Home Featured Piastri found out halfway into F2 season he wouldn’t get 2022 F1 seat

Piastri found out halfway into F2 season he wouldn’t get 2022 F1 seat

by Ida Wood

Photo: Prema

Oscar Piastri has revealed he was informed by Alpine halfway through his title-winning rookie Formula 2 season in 2021 that he would not get a 2022 Formula 1 seat.

The Australian earned his place in the Renault Sport Academy by winning the 2019 Formula Renault Eurocup, then was rewarded with his first F1 test alongside other Renault juniors late in 2020 after becoming FIA Formula 3 champion.

Renault rebranded as Alpine for 2021, and management changes at the team led to a conflict of approaches with how to run its academy. Piastri was Alpine’s highest performing junior that year, but held a decreasing commerical value as Groupe Renault reduced its presence in Australia. Renault also had no customer teams using its engines in F1 to loan Piastri to.

As a result, F2 champion Piastri spent 2022 on the sidelines as Alpine’s reserve driver while his manager Mark Webber orchestrated a move to McLaren for 2023.

“It was tough [not getting an F1 seat for 2022],” said Piastri on F1’s Beyond the Grid podcast. “Firstly, any racing driver wants to be racing as much as they can, and being in that position where the rules – because I’d won F2 – said that I couldn’t repeat F2, I quite literally had no more junior categories to race.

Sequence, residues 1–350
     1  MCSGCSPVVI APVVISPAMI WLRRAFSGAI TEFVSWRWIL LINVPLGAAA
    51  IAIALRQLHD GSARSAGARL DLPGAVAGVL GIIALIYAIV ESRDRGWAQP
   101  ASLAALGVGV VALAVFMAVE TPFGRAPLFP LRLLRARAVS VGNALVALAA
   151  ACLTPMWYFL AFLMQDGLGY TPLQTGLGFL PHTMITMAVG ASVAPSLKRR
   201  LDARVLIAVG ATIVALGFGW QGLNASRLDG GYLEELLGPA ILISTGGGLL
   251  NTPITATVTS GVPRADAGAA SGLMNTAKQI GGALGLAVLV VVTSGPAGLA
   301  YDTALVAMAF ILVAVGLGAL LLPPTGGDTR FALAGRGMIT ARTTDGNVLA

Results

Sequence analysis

“So that was I guess nice, a nice problem to have in one way, but still a problem nonetheless. And I found out more or less halfway through my F2 season that I wouldn’t be making the step up to F1 the next year, no matter what I did.”

Piastri took two races in F2 to become a winner and points leader, and at round two in Monaco claimed two podiums on his first time racing on a street circuit. He made the podium again in Baku, then returned to the points lead at Silverstone only to be told his F1 dream for 2022 was over.

“It was tough to take. [F2] that year was only eight rounds, and four rounds into the season I’d just taken my first pole and the championship lead, so to then find out I’m not going to be making up the jump to F1 next year regardless of what I do from now, it hurt.

“Especially initially, but I think if anything it made me almost more determined to go ‘I’m going to win this’ and make myself have the issue of not having to race F2 again. That was ultimately what I wanted to do, was to put myself into that position of saying the reason I’m not racing is because I’ve won the championship and I can’t race it again.

“That’s what I really wanted to try and do. So it hurt, but as time went on I was more at ease with that, and we came up with the deal to become reserve driver last year. Which I guess given the circumstances was the best that we could do, with some private testing, but it still hurt.”